Bridges are a big deal for London and always have been. Without the bridges to connect and hold London together, we would not have a full metropolis. We would be cut in two. They are physical monuments of London’s wealth and ingenuity; ever since 1176 and the creation of a lavish bridge to connect the north of the river to the road to Canterbury, they have symbolised the British pursuit of opulence and efficiency.
Today, bridges are just as important as they have ever been, and they need to retain their efficiency and good looks. With a mix of modern art represented with the Millennium Bridge, Victorian heritage with Hammersmith Bridge, and world renowned design with Tower Bridge, competition to be the most lavish is ripe. The high standards on the Thames pose a particular challenge and opportunity for Britain’s engineering firms. A company wanting to leave its mark on London will undoubtedly fight tooth and nail to be the next to erect a crossing.
With a need for a new bridge across the Thames, London-based news outlets have been assessing and stressing their opinions on the designs submitted by various engineers and architects. A wide and healthy variety of ideas has been posed since the late 1990s, and now it seems that the clear winner is Thomas Heatherwick’s garden bridge. But it has not been an easy journey for the design.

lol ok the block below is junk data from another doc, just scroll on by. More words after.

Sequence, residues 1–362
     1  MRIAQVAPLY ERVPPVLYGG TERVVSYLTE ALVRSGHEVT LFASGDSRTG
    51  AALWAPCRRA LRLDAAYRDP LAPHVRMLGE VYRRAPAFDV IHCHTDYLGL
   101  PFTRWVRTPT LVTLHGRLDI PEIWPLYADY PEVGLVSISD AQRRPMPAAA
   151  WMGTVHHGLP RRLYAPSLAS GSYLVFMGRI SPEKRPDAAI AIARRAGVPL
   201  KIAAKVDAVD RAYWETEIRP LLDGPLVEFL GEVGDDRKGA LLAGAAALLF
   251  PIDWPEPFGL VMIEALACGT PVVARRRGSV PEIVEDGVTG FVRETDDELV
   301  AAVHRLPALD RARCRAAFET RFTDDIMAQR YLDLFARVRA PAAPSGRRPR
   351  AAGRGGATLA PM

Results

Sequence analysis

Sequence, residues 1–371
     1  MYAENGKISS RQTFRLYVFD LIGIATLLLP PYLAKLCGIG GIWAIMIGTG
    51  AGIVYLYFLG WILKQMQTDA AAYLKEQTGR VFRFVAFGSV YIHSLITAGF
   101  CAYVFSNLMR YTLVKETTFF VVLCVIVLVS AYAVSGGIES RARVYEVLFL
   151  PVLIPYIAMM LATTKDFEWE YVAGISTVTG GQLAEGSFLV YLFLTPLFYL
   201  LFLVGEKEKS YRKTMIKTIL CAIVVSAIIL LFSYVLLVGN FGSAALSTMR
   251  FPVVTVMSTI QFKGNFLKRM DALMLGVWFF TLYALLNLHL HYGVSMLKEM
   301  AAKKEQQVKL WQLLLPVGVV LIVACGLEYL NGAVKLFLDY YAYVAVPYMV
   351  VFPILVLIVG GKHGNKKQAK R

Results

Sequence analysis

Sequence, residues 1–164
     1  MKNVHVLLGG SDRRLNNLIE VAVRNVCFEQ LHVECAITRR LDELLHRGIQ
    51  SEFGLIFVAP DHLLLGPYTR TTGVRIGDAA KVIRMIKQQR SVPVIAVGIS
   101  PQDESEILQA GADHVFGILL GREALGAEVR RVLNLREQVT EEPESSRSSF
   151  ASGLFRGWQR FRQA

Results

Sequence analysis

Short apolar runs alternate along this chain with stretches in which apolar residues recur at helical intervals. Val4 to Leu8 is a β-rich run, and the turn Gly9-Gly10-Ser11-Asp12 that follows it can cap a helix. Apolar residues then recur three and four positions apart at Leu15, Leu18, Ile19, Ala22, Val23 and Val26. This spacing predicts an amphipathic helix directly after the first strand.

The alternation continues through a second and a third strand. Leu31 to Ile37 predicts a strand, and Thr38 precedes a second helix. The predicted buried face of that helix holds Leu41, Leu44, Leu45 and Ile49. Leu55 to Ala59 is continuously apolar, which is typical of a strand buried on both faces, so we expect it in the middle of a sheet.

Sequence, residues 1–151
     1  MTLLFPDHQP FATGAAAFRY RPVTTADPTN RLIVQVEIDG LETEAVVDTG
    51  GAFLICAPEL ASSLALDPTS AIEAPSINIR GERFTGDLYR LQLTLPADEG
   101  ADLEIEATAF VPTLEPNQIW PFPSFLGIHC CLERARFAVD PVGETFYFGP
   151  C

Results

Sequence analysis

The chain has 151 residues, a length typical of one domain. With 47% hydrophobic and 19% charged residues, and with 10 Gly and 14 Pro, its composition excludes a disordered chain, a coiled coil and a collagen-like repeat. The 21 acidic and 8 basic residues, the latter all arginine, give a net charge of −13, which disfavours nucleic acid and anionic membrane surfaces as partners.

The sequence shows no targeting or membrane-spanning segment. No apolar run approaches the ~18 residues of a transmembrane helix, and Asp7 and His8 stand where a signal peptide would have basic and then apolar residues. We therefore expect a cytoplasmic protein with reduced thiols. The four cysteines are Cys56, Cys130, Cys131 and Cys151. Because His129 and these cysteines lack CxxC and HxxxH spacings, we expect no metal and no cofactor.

Heatherwick’s design has been in circulation since the early 2000s, and has ridden on the reputations of several patrons to get it pushed along. First off, it was going to be dedicated to Princess Diana. Then it had Joanna Lumley garnering its support. Recently, Heatherwick – the architect who designed the Olympic Cauldron for London 2012 – was recruited for the project. It seems that public support has not been generated by how it will be built, but rather who is going to back its construction.
Ultimately, building bridges is now a question of PR. Yes, there is the practicality and need to have a new crossing, but selling this need requires a trustworthy image, name and idea behind it. An engineering company cannot sell a bridge to Londoners if it is not beautiful, backed by high profile individuals, and buys into pre-constructed ideas of the values within London.
Just as a new bridge will connect the southern and northern sides of the Thames, it will also link the gap between engineering and the masses. A bridge cannot be made without the expertise of the engineering industry, and the engineering industry cannot sell its expertise without public endorsement.